“I don’t want him to love me because of a potion,” she said.
Izzie loves Mark, and why shouldn’t she? As the captain of the basketball team, he is kind and loving and he’s everything she’s ever wanted in a boyfriend. Her BFF loves . . . somebody, but she won’t say who. So when a hot new guy, Tristan, shows up at school, who better for Izzie to fix up her friend[LL1] with? And what better way to do it than with a love philtre?
But even the best of magic has a way of going awry—and Izzie finds she’s accidentally fallen in love with Tristan herself. And that’s a problem. First of all, there’s Mark. Second, Tristan comes with baggage—like the supernatural creatures that keep attacking whenever he’s with Izzie, and the fact that he comes from the place where Izzie’s father was killed, years ago, by an enormous, evil serpent that’s still around—and it knows Izzie is out there.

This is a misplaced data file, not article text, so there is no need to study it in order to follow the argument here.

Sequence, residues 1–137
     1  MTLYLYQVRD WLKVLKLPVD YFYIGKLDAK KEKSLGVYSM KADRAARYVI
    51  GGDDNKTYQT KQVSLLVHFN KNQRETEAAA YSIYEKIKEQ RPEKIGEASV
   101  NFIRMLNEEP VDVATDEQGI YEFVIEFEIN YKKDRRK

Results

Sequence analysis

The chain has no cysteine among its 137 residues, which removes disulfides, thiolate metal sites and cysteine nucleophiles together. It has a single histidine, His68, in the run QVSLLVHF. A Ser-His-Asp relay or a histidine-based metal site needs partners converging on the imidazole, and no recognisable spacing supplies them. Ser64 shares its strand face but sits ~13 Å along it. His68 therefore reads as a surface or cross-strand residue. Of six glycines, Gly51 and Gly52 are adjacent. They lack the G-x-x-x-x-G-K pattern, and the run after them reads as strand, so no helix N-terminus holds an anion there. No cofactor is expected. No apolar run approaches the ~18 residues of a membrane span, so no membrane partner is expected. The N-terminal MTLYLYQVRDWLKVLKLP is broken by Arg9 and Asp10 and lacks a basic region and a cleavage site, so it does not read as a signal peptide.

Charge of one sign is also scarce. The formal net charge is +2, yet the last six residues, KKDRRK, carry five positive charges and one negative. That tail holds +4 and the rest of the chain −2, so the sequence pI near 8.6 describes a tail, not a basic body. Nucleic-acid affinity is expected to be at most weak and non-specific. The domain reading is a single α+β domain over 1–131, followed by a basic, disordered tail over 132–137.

Like Mettie Ivie Harrison’s The Princess and the Hound, praised by Orson Scott Card as “powerful, surprising, moving, and deep—a classic,” Tris and Izzie rings the changes on a timeless legend, this time in a contemporary high school setting.